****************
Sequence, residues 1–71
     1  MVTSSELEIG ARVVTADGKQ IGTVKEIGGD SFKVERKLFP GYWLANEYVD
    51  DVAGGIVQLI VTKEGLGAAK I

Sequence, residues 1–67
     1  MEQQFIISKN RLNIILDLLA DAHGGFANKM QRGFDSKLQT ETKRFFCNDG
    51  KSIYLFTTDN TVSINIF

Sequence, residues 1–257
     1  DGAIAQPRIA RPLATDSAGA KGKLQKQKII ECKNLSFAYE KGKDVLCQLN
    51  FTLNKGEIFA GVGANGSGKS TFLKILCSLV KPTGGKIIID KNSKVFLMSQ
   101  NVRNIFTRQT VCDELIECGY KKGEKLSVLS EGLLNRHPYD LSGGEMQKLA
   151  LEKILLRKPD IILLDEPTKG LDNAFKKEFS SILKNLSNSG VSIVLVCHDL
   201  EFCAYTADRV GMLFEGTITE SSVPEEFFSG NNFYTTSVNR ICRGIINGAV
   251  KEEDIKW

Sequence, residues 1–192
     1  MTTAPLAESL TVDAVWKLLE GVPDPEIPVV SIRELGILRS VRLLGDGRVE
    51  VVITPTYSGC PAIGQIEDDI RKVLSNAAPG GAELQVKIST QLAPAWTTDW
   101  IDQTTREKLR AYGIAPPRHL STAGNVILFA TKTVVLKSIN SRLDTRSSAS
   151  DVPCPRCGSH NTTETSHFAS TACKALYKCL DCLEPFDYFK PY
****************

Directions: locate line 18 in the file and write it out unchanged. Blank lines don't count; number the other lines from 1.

   151  DVPCPRCGSH NTTETSHFAS TACKALYKCL DCLEPFDYFK PY